In the twilight years of snail mail, fledgling British copywriter Shaun Usher launched Letters of Note, a blog dedicated to paper correspondence. Despite the obvious irony, the site quickly built a following. Readers connected with the personal written word — no matter whether it was fans writing to Elvis Presley, Nick Cave rejecting MTV's nomination as best male artist or the Queen of England giving President Franklin Delano Roosevelt her recipe for scones.
All appear in the book "Letters of Note: An Eclectic Collection of Correspondence Deserving of a Wider Audience," compiled by Usher. The book's British debut included a live reading by Cave, Gillian Anderson and more; next week Benedict Cumberbatch will lead another Letters of Note event at the Hay Literary Festival in Wales.
The book is an oversized hardcover that includes images of the original letters, transcriptions, photos of some of the writers and notes from Usher. A letter from Annie Oakley is on striking letterhead; one believed to have been penned by Jack the Ripper is written in a slashing hand, on paper that is wrinkled and stained.
Usher, who lives in London, answered questions about the book by email.
When did Letters of Note begin?
The project began in September 2009, at which point I was a low-level copywriter — Don Draper, I most certainly was not — with very little interest in letters. Then, one fateful day that month, I decided to research the subject of famous correspondence, hopeful that it may spark some ideas for an article I needed to write for a client. I was instantly hooked and spent the next couple of days in the library poring over dusty old anthologies of old letters, blown away by the turn of phrase and epistolary skill displayed by people like Mark Twain and Marie de Sévigné. The blog was up and running the same week.
In the book, we get to see the letters themselves. When you were putting it together, were you handling actual archival materials?
Not so much for the book, but I have done over the years. The overriding emotion when coming into contact with the documents themselves is one of fear — fear that you will inadvertently damage an unspeakably precious piece of history. Once the hands stop shaking, you're left in awe. I've also developed an expensive habit since beginning "Letters of Note": purchasing letters of the rich and famous at auction. I'm now the proud owner of letters by Henry Miller, Stanley Kubrick, Katharine Hepburn, and others.... I just wish I were addicted to buying things that weren't so flammable.
You include a terrifying letter from Jack the Ripper; your description of its contents, in contrast, is tremendously understated. How did you think about the relationship between the letters and what you wrote about them?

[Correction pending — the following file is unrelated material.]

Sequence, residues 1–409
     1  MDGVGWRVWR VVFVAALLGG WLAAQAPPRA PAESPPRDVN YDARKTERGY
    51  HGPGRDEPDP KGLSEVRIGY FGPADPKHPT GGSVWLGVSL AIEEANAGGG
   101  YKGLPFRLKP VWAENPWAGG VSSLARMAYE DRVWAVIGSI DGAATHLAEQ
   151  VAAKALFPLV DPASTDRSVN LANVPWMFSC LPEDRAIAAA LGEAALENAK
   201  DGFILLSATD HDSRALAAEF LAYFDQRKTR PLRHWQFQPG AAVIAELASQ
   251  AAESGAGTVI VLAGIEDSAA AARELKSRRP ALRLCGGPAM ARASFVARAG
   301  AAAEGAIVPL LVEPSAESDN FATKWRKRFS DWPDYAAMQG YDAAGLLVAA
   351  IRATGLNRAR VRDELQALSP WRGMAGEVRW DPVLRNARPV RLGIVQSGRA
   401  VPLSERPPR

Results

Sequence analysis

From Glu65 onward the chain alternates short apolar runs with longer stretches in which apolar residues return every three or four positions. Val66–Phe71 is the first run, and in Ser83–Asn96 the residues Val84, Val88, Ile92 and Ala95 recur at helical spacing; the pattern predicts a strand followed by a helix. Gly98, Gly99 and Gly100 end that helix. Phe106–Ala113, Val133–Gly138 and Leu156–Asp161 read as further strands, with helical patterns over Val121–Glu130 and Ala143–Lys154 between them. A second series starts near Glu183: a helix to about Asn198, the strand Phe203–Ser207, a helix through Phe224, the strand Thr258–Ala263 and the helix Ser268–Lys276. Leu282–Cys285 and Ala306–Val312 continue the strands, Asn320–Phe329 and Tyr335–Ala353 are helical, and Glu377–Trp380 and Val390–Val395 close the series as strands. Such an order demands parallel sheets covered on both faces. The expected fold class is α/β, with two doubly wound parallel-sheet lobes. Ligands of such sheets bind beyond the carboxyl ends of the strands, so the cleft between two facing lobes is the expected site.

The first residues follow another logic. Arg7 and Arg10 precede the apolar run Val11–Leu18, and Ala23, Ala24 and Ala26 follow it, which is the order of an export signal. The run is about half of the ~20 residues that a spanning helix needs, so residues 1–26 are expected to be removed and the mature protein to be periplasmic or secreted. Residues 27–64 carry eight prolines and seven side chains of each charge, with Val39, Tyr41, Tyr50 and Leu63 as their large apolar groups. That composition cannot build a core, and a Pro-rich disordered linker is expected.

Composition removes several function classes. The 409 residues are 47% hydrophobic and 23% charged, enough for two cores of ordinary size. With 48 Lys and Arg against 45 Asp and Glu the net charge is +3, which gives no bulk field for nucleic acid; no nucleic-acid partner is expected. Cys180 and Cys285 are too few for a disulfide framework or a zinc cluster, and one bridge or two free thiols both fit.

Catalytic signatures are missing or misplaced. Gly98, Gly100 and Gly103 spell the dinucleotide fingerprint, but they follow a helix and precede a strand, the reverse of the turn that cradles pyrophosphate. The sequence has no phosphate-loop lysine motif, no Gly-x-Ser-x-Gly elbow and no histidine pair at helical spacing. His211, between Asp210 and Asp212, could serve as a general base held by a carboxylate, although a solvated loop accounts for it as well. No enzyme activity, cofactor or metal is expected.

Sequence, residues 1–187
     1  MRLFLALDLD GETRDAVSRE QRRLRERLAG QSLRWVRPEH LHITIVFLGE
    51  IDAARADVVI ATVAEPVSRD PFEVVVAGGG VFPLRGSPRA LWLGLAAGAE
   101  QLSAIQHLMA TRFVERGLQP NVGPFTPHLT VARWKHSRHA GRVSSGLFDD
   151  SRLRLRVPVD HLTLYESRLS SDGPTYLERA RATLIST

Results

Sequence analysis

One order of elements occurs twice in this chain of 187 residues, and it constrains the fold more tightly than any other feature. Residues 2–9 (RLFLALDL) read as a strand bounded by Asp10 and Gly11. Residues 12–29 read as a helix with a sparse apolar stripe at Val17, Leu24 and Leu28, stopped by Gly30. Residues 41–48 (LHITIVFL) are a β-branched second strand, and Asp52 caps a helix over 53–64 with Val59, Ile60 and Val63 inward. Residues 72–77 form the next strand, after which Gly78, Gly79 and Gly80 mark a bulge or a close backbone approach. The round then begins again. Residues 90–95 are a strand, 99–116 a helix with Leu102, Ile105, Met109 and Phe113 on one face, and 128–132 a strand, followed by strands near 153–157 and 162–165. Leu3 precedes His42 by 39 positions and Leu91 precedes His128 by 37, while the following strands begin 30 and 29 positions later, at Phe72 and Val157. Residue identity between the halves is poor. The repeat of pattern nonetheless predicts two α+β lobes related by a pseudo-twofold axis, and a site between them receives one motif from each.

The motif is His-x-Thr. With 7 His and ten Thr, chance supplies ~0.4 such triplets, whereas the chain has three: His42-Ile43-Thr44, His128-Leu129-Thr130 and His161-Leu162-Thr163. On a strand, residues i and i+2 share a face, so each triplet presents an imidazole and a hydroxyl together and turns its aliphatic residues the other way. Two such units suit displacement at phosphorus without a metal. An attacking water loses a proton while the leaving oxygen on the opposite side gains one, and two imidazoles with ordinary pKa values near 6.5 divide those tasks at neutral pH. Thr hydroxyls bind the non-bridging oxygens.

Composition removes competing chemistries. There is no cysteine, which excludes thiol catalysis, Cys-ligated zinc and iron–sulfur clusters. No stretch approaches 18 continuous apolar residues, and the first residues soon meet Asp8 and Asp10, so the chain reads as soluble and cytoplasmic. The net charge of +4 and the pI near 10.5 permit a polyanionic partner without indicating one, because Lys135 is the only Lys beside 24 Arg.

Early on, I decided to let the letters speak for themselves as much as possible and for this reason I try to keep my introductions concise and functional — I see them as suppliers of context, much the same as the labels found next to exhibits in a museum, and try not to overstate the letters' content. Sometimes excitement takes hold and I fail in that regard, but on the large I think I've managed it.
Do you have/need permission to post the images and text of letters that you do on the blog?
I need permission for certain letters, of course — you will notice that many are old and therefore in the public domain, though; this saves me a lot of energy — and attempting to obtain such a thing is often an incredibly laborious task; however, that process sometimes puts me in touch with people linked to the letters — if not the writers themselves, then their families or friends — and furnishes me with information I otherwise wouldn't have been privy to. In my search for permissions over the years, for example, I have had an email conversation with James Cameron about his opinion of "Poltergeist 2," been in touch with the hugely welcoming family of a victim of the Lockerbie disaster, and spoken on the phone with an incredibly charming Harlan Ellison.
Where do you find the letters you share on the site?
Many places. Archives, museums, books, readers, blogs. Discovering the letters became markedly easier as the project grew in popularity, thanks to recommendations and submissions from people all over the globe — some connected to the letters, others simply their discoverers. These days letters are submitted by the very same archives and museums that I was once trawling for treasure....
Do you worry about running out of interesting letters?
Were I to continue compiling Letters of Note books for another 50 years, I would still just be scratching the surface when it comes to letters written before the end of the 20th century — so, in that respect, I don't feel anxious in the slightest. My only worry, and it really is a bleak scenario, is that we are depressingly short of interesting letters written since the dawn of email, Facebook and Twitter, and that future generations won't have the same luxury when it comes to sifting through our correspondence.
Simon Garfield, friend and author of the marvellous book "To The Letter," put it best when he said — and I'm paraphrasing — "Years from now, rather than leaving boxes of charming old letters to our loved ones as was once the norm, we humans will be handing over passwords to our numerous email accounts." And where is the romance in that?